FAU professor James Tracy is creating an opening for Florida politicians who don’t like tenure and don’t like faculty unions. Because of Tracy’s case, tenure opponents could go on the attack and look good doing it.
Tracy is the Florida Atlantic University communications professor who claims the 2012 Sandy Hook Elementary School massacre is a hoax. Tracy got into a public feud with the parents of one of the children murdered at Sandy Hook. The parents allege that Tracy has harassed them by, among other things, demanding to see proof that their son ever really was alive.
FAU has responded by firing Tracy, who also has claimed that the Boston Marathon bombing, the San Bernardino shootings and other attacks were hoaxes. But firing tenured professors is not easy.
The Palm Beach Post reported on Jan. 6 that Tracy and his attorney, Thomas Johnson, plan to take “legal action” to overturn the university’s decision to fire him.
Tracy obtained his attorney with help from the FAU chapter of the United Faculty of Florida, which notes on its Web page that it works to protect “academic freedom and tenure” and that it advocates for its members’ interests “before the Florida Legislature and education agencies.”
In describing itself, United Faculty of Florida explains that it is “the higher education local of the Florida Education Association, affiliated with the National Education Association, American Federation of teachers and AFL-CIO.”
In its story on Tracy’s firing, the South Florida Sun Sentinel said union President Robert Zoeller declined to say why the union thinks Tracy was wrongfully terminated. “There’s a lot of stuff people aren’t aware of that I can’t speak to right now,” he said. “If I did, it would violate Dr. Tracy’s rights.”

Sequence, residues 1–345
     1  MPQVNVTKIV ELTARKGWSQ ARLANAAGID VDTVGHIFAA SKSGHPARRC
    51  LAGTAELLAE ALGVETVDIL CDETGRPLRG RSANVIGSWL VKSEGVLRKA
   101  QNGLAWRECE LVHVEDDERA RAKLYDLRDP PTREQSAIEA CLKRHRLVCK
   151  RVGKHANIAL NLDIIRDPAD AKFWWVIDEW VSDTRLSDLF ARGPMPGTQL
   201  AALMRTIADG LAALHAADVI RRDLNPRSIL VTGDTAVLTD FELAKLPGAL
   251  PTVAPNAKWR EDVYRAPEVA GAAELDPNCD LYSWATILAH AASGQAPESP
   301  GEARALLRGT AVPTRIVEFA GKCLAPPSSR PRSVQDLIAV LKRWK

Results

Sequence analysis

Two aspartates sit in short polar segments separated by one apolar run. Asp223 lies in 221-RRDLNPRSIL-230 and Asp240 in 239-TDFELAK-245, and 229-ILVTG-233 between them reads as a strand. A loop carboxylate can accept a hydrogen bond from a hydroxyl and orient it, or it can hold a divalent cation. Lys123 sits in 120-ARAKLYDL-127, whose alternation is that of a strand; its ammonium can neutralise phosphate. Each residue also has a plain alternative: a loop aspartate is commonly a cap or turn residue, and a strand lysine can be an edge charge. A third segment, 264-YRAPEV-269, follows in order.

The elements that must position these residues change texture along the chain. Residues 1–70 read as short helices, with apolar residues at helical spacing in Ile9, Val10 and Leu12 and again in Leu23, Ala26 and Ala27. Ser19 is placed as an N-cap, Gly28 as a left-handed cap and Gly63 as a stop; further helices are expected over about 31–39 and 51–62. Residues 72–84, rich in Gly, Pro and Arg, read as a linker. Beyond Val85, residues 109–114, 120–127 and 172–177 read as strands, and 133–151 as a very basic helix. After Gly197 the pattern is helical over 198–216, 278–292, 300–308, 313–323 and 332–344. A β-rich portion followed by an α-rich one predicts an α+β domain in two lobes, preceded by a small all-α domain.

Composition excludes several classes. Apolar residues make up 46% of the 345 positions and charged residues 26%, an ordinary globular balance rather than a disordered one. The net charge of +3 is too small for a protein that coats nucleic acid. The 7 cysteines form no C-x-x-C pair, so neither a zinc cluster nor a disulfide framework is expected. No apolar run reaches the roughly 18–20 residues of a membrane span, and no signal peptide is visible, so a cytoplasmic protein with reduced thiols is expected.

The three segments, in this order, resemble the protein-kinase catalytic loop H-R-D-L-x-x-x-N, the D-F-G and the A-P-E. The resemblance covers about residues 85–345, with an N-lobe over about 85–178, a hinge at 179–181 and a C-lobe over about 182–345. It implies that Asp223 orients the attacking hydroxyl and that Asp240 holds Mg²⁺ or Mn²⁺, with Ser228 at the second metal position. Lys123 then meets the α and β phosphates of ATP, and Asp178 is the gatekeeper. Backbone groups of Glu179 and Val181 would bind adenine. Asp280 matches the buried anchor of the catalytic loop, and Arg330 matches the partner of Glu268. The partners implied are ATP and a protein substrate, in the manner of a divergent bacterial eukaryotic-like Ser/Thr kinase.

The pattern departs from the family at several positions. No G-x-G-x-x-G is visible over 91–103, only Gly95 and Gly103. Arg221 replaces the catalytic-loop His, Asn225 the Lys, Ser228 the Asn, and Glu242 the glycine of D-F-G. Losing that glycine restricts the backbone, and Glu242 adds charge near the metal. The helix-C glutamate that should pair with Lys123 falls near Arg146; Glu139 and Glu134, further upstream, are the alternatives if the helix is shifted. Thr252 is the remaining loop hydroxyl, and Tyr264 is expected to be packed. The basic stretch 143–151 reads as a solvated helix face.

It will be fascinating to find out the “stuff” people aren’t aware of that could vindicate Tracy.
Unions of all kinds – police, fire, government workers, etc. – protect their members. That is what they do. Everybody deserves a defense to be sure the process is fair. But sometimes unions win when they shouldn’t.
It might not be a “win” for tenure if Tracy’s union prevails in this case. Tenure already is under some strain in Florida. Gov. Rick Scott and the Legislature in 2011 eliminated “tenure” for K-12 teachers. It wasn’t the same kind of tenure that college professors enjoy, but it was a form of job protection teachers valued.
There have been rumblings ever since that the governor and lawmakers would turn their sights next on college and university tenure. Last year the State College of Florida in Bradenton voted to eliminate tenure. Broward College has been mired in a tenure controversy. Florida Gulf Coast University does not offer tenure.
Erosion of tenure would be of serious concern in a state where the governor has been accused of banning underlings from talking about global warming. What other topics might be declared taboo to chill the speech of non-tenured faculty? Inability to award tenure undoubtedly would make recruiting top professors harder.
That doesn’t mean the Legislature would balk at ending tenure. Lawmakers could argue with some truth that allowing Tracy or his ilk to remain on staff does terrible damage to the state’s university system. The very fact the union is helping to defend Tracy puts an arrow in the quiver of tenure opponents. If Tracy were to win back his job as a tenured faculty member, the quiver would be well stocked.
The irony is that Tracy is being fired for views that outrage liberals in particular. His suggestion that these “hoaxes” were staged to increase pressure for gun control is infuriating to the left, which usually is the first faction to stick up for tenure and academic freedom.
How droll if the Florida Legislature – which has made clear it is second to none in its love for guns and the National Rifle Association – could say it gutted tenure because of Tracy’s wacko gun theories. “See,” they could say, “we’re not the gun nuts you think we are.”
If the union wants to defend tenure, defending Tracy is the wrong way to go about it.
Jac Wilder VerSteeg is a columnist for The South Florida Sun Sentinel, former deputy editorial page editor for The Palm Beach Post and former editor of Context Florida. Column courtesy of Context Florida.